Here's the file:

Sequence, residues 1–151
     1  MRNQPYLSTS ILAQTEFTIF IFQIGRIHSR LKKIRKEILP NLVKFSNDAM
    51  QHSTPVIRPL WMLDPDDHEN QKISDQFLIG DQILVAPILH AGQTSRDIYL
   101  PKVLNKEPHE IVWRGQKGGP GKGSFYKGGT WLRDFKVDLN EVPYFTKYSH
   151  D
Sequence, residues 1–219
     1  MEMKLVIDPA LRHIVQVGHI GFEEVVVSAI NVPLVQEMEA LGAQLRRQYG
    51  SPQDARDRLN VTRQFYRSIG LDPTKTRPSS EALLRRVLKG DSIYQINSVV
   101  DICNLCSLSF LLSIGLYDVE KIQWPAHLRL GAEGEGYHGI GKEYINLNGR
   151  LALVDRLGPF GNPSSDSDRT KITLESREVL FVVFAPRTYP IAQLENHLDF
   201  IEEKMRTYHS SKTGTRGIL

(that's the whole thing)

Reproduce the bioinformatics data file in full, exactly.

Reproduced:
Sequence, residues 1–151
     1  MRNQPYLSTS ILAQTEFTIF IFQIGRIHSR LKKIRKEILP NLVKFSNDAM
    51  QHSTPVIRPL WMLDPDDHEN QKISDQFLIG DQILVAPILH AGQTSRDIYL
   101  PKVLNKEPHE IVWRGQKGGP GKGSFYKGGT WLRDFKVDLN EVPYFTKYSH
   151  D
Sequence, residues 1–219
     1  MEMKLVIDPA LRHIVQVGHI GFEEVVVSAI NVPLVQEMEA LGAQLRRQYG
    51  SPQDARDRLN VTRQFYRSIG LDPTKTRPSS EALLRRVLKG DSIYQINSVV
   101  DICNLCSLSF LLSIGLYDVE KIQWPAHLRL GAEGEGYHGI GKEYINLNGR
   151  LALVDRLGPF GNPSSDSDRT KITLESREVL FVVFAPRTYP IAQLENHLDF
   201  IEEKMRTYHS SKTGTRGIL